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How Pinterest can justify its $11 billion valuation and set itself up for an IPO

JP Mangalindan
Chief Tech Correspondent
Cofounded by Ben Silbermann, Evan Sharp and Paul Sciarra as a visual way for users to search and bookmark items and ideas people like on the web, Pinterest became a pop culture phenomenon in 2012.

Haven’t heard as much about Pinterest lately? There’s a reason for that.

Cofounded by Ben Silbermann, Evan Sharp and Paul Sciarra as a visual way for users to search and bookmark items and ideas people like on the web, Pinterest became a pop culture phenomenon in 2012. Celebrities including Ryan Seacrest, Yoko Ono, top designer Michael Kors and Marie Claire creative director Nina Garcia swore by it, and many new users flocked to Pinterest, “pinning” items to virtual collections as a way to help visualize their ideal wardrobe, home or wedding. Indeed, Pinterest’s simple site aesthetic, where items filled the browser in a beautiful, minimalistic grid, became the inspiration for countless web sites, including the now-defunct e-commerce startup Fab.com.  

The media pegged Pinterest then as being in a three-way race for users with Facebook (FB) and Twitter (TWTR). But while Facebook and Twitter continually made (and make) news — the former for forward-thinking products, the latter for management shake-ups and acquisition rumors — Pinterest over the last two years lay low in comparison, despite recent news that Pinterest hit 150 million monthly users and brought onboard former Twitter vice president of finance Todd Morgenfeld to serve as its chief financial officer.

Chalk that up at least in part to Pinterest’s co-founders, who have been frequently described by the press in different ways as quiet introverts who prefer being “heads-down” on products, as Silicon Valley folks like say, rather than making splashy headlines.

“The cofounders are Type B personalities,” explained Omar Akhtar, managing editor and analyst for the San Francisco-based research firm Altimeter Group. “Look at Facebook and Twitter. They’re led by very ferocious go-getter types. So I think leadership style might well play a part into it.”

Pinterest’s simple site aesthetic, where items filled the browser in a beautiful, minimalistic grid, became the inspiration for countless web sites, including the now-defunct e-commerce startup Fab.com.  Source: Pinterest.com

Indeed, you can probably trace Pinterest’s heads-down philosophy to 2014, when the company became more serious about revenues. The startup had raised well over $700 million in venture-backed capital and shifted its focus to making money.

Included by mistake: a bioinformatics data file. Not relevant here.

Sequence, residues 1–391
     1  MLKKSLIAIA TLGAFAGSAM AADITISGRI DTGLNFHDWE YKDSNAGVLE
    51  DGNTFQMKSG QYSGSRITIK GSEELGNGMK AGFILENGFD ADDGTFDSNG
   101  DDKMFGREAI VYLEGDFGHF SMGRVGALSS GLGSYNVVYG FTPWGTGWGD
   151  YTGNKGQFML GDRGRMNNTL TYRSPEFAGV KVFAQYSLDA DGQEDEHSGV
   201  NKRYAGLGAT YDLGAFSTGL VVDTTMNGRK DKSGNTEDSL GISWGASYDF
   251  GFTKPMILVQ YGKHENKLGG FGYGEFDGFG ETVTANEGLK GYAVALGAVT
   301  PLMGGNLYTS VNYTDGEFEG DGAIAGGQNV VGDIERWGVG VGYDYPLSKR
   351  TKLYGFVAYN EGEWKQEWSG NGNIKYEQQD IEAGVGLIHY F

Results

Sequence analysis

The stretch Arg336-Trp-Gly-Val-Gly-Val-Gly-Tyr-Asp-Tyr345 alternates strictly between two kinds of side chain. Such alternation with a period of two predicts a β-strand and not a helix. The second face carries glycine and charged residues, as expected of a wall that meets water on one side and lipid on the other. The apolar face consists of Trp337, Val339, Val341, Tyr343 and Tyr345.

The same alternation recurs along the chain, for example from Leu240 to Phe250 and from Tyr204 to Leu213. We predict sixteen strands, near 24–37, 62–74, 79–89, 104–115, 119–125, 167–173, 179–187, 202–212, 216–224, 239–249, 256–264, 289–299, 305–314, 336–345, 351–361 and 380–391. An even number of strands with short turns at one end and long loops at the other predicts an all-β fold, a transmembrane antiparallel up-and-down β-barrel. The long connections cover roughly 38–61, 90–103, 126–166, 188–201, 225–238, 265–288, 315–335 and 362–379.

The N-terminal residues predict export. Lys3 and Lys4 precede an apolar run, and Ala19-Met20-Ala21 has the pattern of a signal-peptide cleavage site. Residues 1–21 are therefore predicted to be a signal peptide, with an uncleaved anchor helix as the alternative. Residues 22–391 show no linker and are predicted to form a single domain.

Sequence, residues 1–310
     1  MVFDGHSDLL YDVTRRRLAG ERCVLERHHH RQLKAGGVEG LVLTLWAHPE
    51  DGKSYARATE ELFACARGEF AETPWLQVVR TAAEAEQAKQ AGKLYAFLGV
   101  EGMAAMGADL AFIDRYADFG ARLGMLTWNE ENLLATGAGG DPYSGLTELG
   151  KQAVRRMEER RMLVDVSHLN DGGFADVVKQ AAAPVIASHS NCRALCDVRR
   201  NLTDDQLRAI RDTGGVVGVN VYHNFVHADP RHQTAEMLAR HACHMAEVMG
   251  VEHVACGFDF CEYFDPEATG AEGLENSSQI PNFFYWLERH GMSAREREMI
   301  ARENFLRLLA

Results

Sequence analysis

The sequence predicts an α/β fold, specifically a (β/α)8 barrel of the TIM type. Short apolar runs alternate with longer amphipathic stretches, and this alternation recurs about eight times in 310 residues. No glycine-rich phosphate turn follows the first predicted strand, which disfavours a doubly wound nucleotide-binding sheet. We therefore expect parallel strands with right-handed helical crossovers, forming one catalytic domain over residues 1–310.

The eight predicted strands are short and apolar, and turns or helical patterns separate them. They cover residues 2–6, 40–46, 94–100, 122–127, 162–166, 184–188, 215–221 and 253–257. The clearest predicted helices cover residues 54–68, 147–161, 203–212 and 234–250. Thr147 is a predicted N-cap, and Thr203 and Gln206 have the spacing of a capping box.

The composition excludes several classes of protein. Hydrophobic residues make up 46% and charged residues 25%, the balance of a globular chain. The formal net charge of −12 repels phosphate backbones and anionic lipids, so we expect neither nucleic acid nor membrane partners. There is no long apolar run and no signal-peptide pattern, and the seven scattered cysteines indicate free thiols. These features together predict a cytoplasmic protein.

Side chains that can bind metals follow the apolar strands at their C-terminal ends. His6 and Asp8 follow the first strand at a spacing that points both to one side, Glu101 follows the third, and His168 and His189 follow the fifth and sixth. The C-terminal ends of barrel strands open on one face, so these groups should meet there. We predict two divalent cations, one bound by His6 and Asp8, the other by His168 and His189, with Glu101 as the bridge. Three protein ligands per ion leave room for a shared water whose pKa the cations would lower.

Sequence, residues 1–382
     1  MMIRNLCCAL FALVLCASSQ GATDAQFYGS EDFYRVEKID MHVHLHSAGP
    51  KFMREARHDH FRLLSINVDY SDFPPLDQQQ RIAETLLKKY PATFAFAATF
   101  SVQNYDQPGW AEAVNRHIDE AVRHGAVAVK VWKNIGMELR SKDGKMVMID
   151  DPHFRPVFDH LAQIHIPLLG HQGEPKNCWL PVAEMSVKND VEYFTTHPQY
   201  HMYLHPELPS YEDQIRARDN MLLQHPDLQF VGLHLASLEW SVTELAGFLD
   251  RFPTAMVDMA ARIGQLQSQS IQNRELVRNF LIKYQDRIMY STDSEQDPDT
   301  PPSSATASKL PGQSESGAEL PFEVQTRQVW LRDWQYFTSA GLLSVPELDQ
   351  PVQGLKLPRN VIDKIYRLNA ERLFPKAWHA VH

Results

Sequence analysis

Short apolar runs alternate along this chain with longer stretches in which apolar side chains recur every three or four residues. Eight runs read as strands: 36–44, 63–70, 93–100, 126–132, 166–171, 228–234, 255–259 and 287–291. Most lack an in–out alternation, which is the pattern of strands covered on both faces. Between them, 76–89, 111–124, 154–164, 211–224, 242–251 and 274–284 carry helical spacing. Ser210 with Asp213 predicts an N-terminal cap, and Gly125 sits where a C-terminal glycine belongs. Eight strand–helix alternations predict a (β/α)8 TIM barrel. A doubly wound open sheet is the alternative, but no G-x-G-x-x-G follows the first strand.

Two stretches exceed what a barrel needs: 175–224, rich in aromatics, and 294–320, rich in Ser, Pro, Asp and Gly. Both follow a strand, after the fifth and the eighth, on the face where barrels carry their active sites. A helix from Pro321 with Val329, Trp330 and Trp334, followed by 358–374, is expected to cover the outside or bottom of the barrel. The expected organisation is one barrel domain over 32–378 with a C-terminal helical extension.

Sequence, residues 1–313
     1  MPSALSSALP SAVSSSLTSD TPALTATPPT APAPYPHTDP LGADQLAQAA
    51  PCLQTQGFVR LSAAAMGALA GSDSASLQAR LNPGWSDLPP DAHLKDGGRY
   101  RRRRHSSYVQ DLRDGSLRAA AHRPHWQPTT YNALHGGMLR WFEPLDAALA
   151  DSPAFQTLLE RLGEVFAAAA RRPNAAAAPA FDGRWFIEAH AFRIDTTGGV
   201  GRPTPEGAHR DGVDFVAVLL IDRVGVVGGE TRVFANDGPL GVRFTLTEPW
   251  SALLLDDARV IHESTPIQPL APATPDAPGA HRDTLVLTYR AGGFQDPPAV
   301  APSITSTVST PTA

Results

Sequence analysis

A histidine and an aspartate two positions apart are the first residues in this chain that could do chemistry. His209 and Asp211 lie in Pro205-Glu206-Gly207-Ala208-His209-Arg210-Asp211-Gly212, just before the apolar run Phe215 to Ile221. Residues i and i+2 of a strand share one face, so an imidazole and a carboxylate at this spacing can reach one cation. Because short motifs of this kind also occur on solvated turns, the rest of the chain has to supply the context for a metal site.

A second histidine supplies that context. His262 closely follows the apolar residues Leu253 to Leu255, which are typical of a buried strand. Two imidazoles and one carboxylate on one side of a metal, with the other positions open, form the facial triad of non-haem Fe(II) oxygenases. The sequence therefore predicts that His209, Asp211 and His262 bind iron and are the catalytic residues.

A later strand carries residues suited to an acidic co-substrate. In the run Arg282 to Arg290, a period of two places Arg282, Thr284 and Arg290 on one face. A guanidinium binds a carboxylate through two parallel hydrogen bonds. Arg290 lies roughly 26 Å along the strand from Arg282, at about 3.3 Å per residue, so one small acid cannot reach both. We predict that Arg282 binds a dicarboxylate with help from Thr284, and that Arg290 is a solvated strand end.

It introduced a slew of new features over the next 18 months focused on attracting brands, including Buyable Pins, which lets users buy items from retailers such as Macy’s, Neiman Marcus and Nordstrom (JWN) right off Pinterest’s site or app, as well as paid video ads called Cinematic Pins from businesses including The Gap (GPS), L’Oreal, Target (TGT), Visa (V) and Wendy’s.

Crediting unnamed sources, The Wall Street Journal reported this month Pinterest generated $100 million in revenues in 2015 and expects to triple revenues in 2016. While that falls short of the company’s earlier internal projections, based on leaked documents TechCrunch obtained in October 2015, it points to significant progress.

The same can be said of user growth. According to comScore, a third-party media measurement and analytics service, Pinterest saw its user base rise 25% to 98 million monthly users from August 2015 to August 2016 in the US alone. Pinterest reports it is also seeing healthy growth among male users — 40% of all new users are men — and 80 million Pinterest users now are based abroad.

Part of Pinterest’s transition to become a bonafide business involved shedding the public’s perception of it being a social network.

“When we talk to people about Pinterest, we often describe it as not a social network,” Silbermann told The Guardian this January.

Silbermann has a point, agrees Aktar.

“If you look at Pinterest, it was never a peer-to-peer conversation platform the way Facebook and Twitter are,” Aktar told Yahoo Finance. “It was always about the commercial aspect.”

Indeed, users don’t use Pinterest primarily to communicate with others. They use Pinterest primarily to generate ideas for themselves, whether it’s a virtual collection of what they want in their winter wardrobe or their ideal dream cars.

If Pinterest can successfully capitalize on users’ materialistic dreams and ambitions — the driving force behind hiring Morgenfeld as CFO recently — it may yet justify its $11 billion valuation and set itself up well for the ultimate goal every startup strives for: the long-anticipated IPO.

JP Mangalindan is a senior correspondent for Yahoo Finance covering the intersection of tech and business. Follow him on Twitter or Facebook.  

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